Thursday, October 20, 2011

All These Things I've Done By Gabrielle Zevin

All These Things I've Done (Birthright #1)

Genre: Young Adult


Sixteen year-old Anya becomes the head of a mafia family after her parents are both murdered by rival gangs. Although Anya is embrolied in the criminal world, she is determined to keep her brother and sister out of the mafia family, but her father's relatives aren't so keen to let them go. When Anya's violent ex-boyfriend is poisoned with contaminated chocolate – chocolate that is produced illegally by Anya's mafia family – she is arrested for attempted murder and sent to the notorious jail on Manhattan Island.

Eventually she is freed by the new D.A. in town, who believs she has been framed. But this D.A. is the father of Win, a boy at school to whom Anya feels irresistibly drawn, and her freedom comes with conditions. Win's father wants to be mayor, and he can't risk having his ambition jeopardised by rumours spreading that his son is seeing a member of a notorious crime family. Anya knows she risks the safety of her family by seeing Win again, but the feeling between them may be too strong to resist...


I should start off by saying that I am very picky with what young adult books I read, this one is one of the books that you have to read. Anya lives in a world where chocolate among a few other things is illegal, did you just scream in horror inwardly? I sure did. With her parents dead she is left under the guardianship of her gravely ill grandmother which leads to Anya having to step up and look after her younger sister and her older challenged brother. Anya is haunted by her family name and legacy and gets in some real trouble when her ex-boyfriend Gable gets poisoned off a chocolate bar she receives from her cousin Jack, the question is who is poisoning the chocolate supply.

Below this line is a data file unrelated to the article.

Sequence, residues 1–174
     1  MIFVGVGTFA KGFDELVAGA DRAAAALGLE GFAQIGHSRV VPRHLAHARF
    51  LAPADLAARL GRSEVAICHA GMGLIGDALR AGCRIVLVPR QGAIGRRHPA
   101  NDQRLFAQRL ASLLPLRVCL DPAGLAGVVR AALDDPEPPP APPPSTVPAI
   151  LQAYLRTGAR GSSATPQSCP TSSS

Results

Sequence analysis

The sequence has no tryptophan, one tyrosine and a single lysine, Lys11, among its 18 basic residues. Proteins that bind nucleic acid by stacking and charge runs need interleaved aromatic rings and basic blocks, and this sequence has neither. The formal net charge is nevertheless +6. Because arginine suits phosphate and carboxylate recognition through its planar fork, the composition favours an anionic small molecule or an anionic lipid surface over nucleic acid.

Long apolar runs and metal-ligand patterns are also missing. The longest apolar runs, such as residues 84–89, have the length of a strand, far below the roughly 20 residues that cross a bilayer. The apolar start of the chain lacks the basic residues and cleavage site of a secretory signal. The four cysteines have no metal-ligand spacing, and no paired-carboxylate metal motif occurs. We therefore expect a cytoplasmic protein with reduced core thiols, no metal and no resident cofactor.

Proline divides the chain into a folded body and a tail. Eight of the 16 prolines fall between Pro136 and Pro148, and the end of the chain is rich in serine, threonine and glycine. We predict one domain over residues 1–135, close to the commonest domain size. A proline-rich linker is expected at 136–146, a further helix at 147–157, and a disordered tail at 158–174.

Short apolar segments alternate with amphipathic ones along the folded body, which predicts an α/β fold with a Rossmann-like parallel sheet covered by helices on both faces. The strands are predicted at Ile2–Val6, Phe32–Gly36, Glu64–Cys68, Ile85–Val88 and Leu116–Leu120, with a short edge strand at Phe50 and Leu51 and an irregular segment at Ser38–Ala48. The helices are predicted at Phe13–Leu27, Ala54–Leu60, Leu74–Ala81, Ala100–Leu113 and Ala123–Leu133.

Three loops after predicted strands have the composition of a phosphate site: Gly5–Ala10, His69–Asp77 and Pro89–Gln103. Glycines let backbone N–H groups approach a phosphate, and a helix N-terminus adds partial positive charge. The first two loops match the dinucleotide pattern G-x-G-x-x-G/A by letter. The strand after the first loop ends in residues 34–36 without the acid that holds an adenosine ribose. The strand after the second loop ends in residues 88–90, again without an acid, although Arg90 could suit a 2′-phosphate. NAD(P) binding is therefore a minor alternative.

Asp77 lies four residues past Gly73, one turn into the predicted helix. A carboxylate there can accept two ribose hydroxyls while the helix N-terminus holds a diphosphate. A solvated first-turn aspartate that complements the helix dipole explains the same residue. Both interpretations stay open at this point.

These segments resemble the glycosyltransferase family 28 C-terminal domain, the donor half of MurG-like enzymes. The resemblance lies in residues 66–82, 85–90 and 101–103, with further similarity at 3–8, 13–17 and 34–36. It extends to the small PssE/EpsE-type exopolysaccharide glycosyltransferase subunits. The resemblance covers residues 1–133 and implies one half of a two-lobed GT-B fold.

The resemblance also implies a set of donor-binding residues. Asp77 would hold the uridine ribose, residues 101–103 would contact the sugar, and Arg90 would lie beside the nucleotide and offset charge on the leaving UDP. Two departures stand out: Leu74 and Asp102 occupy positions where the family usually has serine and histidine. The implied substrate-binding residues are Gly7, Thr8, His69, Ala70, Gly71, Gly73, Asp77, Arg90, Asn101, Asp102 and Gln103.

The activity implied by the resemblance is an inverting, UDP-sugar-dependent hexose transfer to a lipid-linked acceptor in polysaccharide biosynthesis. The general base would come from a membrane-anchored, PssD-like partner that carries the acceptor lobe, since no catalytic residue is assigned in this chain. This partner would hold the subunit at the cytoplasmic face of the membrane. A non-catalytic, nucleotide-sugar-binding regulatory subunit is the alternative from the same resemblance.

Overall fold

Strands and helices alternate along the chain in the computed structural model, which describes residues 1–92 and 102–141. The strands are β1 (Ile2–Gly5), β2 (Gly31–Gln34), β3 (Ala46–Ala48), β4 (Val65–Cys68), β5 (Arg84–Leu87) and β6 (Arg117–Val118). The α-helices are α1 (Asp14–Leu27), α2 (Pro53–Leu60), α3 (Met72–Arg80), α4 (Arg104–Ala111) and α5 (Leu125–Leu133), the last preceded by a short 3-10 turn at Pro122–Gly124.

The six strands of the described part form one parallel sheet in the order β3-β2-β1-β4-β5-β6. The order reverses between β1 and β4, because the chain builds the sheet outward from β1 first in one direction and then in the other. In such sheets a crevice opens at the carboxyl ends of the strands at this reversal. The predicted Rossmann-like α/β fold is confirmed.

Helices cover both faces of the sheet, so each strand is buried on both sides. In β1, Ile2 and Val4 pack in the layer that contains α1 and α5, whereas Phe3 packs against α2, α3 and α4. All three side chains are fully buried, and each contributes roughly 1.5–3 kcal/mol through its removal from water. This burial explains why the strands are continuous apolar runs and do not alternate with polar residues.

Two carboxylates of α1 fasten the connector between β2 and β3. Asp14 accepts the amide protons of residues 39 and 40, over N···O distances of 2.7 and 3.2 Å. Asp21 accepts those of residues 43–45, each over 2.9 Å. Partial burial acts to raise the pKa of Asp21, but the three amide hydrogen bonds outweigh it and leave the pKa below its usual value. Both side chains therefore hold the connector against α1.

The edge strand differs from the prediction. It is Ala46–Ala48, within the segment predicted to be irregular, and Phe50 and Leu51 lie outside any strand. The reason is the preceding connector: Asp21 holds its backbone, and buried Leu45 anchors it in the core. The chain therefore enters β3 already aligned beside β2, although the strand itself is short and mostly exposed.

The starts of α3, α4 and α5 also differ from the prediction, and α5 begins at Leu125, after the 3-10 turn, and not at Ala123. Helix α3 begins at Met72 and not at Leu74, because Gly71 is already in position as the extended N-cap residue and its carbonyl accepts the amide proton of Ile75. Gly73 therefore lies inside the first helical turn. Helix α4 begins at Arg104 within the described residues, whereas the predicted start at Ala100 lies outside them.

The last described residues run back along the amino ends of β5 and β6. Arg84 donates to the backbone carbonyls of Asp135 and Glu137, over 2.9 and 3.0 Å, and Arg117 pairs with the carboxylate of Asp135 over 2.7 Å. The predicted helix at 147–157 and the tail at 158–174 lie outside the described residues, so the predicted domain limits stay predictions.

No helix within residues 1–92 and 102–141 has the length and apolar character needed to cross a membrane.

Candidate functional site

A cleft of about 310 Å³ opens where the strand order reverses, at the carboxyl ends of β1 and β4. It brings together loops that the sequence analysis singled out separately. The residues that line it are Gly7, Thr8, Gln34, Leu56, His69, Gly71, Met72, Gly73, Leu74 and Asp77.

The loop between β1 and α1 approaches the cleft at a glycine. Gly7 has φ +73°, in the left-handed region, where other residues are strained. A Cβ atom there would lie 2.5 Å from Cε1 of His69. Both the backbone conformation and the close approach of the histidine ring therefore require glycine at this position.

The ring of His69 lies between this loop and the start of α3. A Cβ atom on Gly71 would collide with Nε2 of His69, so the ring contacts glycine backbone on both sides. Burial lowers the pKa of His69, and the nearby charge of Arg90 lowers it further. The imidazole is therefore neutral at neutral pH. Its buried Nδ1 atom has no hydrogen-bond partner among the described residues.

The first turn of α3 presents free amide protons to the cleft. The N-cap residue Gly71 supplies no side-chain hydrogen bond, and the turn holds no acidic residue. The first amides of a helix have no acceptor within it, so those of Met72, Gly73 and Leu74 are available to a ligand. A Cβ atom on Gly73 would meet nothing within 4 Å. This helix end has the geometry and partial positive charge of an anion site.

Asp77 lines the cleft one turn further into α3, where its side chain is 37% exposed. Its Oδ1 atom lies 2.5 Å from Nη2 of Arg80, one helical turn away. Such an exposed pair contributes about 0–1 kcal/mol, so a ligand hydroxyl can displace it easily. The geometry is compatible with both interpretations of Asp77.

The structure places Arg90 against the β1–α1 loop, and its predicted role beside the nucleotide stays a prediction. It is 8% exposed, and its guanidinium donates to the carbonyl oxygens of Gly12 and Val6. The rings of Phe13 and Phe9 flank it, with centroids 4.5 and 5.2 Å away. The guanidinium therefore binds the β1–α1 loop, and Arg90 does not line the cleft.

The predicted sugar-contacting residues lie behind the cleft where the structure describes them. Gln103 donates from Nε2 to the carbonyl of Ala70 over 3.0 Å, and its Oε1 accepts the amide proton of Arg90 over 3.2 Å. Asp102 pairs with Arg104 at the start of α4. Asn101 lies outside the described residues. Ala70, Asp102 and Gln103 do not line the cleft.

This book was amazing. I was glad Gable got what he deserved but also pleased that it allowed him to see the light of sorts. I loved Anya and the way she puts herself at risk to protect her family and her brother. I hated Win’s father for the bargains he had forced Anya to take. I loved Win for at the end for not giving up on Anya and I was happy when Anya took a chance;

“For that moment, I was a person without a last name and so was he. We did not have fathers, mothers, sisters, brothers, grandparents, uncles or cousins to remind us of what we owed or were owed. Obligation, consequence, tomorrow- the words did not exist, or perhaps I had temporarily forgotten their meanings.”

The way this was written was smooth and like nothing I have come across before. The story itself is brilliant, I could not stop reading once I started, I didn’t want to stop, I didn’t want the book to end. There was emotion and heartbreak mixed in with family corruption. One of the best young adult reads I have read.



Braine Talk Supe said...

I've been reading some good reviews about this book. Thanks for sharing your views

Jet said...

I can't believe how much I enjoyed reading it. Thanks for stopping by :)